United Against Racism would like to extend our full support and solidarity to the #JobstownNotGuilty defendants.
In 2014 the Jobstown community protested a visit of the then Tánaiste Joan Burton by sitting on front of her car delaying it for two and a half hours. This resulted in 18 adults being accused of the outrageous charge of ‘false imprisonment’. A crime which carries up to life imprisonment.
Protesting is not a crime! Peaceful sit-down protests are certainly not false imprisonment. In fact they have been used in countless struggles through the years, most notably in the Civil Rights movement of the 1960s. If the state where concerned about false imprisonment perhaps they should campaign for the release of Ibrahim Halawa.
The attempted prosecution of peaceful protesters should seriously worry all progressive campaigners fighting for a better society. We must defend our democratic rights to challenge authority and fight for change through peaceful and effective ways. Sit-down protests, strikes, marches and pickets all cause delays but without these methods activists would not have won many progressive reforms.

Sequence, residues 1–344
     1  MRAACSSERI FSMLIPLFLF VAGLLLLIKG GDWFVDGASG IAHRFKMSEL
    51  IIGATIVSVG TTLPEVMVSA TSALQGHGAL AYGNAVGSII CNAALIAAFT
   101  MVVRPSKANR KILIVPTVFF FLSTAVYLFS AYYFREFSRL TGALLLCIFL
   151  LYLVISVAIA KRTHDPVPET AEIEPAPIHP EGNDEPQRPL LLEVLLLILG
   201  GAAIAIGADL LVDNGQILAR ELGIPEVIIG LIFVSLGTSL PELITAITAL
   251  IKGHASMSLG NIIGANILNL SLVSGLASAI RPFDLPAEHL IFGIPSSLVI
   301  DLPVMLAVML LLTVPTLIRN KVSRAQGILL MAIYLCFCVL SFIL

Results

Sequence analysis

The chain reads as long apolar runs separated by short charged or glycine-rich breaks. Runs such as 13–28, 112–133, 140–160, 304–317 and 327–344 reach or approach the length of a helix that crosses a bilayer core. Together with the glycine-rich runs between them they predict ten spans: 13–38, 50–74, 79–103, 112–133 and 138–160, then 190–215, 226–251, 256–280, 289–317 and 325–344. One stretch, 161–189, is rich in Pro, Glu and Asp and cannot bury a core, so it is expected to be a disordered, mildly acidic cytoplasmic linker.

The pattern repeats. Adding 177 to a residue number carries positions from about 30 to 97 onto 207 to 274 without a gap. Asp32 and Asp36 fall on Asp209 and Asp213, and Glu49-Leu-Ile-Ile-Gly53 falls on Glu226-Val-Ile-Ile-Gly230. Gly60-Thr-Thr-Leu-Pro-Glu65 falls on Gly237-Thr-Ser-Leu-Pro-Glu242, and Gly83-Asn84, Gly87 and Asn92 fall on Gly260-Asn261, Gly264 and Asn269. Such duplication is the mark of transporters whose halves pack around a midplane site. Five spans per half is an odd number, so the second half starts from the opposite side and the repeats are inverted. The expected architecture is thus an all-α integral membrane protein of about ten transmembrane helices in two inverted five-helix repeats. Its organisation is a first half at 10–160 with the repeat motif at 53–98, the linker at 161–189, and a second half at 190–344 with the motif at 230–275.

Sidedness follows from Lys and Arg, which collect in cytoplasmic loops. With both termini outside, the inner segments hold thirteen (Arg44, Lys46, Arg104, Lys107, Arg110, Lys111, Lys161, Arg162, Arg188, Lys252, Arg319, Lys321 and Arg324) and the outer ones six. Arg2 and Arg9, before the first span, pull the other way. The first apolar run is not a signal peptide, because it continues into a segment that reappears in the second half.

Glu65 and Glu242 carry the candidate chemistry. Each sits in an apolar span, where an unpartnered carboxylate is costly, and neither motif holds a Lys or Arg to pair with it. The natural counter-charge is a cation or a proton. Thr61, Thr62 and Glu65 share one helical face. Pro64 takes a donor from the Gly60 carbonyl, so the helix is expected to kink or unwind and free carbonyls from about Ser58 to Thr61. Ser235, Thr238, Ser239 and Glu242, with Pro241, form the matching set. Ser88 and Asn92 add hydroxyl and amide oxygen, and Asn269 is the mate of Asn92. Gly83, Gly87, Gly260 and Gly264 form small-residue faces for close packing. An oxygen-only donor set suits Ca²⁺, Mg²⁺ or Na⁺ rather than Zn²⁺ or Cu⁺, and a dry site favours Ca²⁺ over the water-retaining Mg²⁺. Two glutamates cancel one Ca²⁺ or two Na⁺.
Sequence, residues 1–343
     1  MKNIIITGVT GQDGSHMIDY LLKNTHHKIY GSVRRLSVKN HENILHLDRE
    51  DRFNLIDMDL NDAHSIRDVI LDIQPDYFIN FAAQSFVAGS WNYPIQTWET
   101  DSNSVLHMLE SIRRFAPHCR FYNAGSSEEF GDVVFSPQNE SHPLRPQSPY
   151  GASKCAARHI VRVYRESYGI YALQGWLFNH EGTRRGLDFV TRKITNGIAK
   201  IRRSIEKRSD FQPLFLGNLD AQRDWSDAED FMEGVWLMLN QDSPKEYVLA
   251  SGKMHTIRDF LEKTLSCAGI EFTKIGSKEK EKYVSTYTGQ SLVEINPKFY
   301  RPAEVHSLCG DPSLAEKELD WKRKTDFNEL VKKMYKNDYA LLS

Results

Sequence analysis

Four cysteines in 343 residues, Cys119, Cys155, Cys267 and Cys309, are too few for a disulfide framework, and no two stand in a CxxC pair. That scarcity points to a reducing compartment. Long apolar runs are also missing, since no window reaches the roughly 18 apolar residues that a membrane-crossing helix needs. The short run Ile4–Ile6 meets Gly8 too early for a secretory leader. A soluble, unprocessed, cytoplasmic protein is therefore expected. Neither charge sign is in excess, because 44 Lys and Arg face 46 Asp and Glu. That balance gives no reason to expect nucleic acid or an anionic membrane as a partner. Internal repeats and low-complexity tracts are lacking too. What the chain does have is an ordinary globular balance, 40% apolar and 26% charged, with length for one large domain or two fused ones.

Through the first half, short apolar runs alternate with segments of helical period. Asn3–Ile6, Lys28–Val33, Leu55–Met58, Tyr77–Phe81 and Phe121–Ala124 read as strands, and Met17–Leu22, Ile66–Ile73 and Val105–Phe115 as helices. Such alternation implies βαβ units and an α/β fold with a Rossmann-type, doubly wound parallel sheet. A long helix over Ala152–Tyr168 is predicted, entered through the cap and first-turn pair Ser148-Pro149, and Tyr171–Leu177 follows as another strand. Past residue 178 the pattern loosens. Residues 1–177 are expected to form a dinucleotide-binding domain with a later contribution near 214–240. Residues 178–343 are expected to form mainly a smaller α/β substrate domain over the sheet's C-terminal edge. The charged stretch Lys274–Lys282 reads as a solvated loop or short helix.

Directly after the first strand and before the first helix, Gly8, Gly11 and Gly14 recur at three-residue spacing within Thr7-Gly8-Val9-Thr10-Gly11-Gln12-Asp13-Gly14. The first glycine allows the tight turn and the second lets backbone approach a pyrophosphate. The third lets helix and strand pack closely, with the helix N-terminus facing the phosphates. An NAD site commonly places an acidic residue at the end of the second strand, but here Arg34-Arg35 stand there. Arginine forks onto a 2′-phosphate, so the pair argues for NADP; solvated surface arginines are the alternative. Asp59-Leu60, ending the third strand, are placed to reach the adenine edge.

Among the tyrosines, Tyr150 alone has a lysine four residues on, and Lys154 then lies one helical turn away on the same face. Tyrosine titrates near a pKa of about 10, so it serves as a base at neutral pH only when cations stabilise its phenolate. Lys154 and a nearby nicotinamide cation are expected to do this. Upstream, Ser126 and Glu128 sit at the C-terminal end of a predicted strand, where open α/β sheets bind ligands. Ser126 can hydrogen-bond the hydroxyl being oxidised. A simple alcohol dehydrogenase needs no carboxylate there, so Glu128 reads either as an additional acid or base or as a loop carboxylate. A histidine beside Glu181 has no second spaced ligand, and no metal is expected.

Over the last few years United Against Racism have organised many protests and rallies, some of which have had significant impacts. Our members will continue to campaign against all forms of racism but hope to do so without the threat of imprisonment for causing an inconvenience.
We would also like to note that Paul Murphy TD, one of the defendants, has been a constant supporter of United Against Racism campaigns and has attended our protests. So we ask all supporters to return the support and join the Jobstown defendants at the Central Bank on Saturday 22nd of April at 1pm for the March For Justice – #JobstownNotGuilty
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